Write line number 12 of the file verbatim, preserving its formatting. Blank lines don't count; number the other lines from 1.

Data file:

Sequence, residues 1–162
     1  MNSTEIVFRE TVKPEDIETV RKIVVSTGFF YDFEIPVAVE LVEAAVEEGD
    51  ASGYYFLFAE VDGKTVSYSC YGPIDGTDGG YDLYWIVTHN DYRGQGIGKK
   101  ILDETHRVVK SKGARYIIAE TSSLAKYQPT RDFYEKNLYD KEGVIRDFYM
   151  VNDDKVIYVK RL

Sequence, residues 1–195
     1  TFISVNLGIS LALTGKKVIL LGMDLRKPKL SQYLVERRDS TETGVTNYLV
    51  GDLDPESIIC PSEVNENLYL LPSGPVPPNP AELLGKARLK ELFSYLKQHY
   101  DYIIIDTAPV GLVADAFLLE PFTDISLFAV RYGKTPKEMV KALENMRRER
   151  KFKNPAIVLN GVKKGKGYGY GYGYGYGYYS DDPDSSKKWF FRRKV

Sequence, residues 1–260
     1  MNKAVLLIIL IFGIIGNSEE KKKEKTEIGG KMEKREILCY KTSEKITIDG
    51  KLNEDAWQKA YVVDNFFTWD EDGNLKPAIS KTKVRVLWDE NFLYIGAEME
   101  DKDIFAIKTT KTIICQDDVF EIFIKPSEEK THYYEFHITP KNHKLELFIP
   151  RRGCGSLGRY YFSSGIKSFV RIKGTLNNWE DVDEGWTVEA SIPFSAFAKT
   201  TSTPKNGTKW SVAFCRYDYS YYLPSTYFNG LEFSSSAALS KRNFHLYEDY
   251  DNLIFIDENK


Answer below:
     1  MNKAVLLIIL IFGIIGNSEE KKKEKTEIGG KMEKREILCY KTSEKITIDG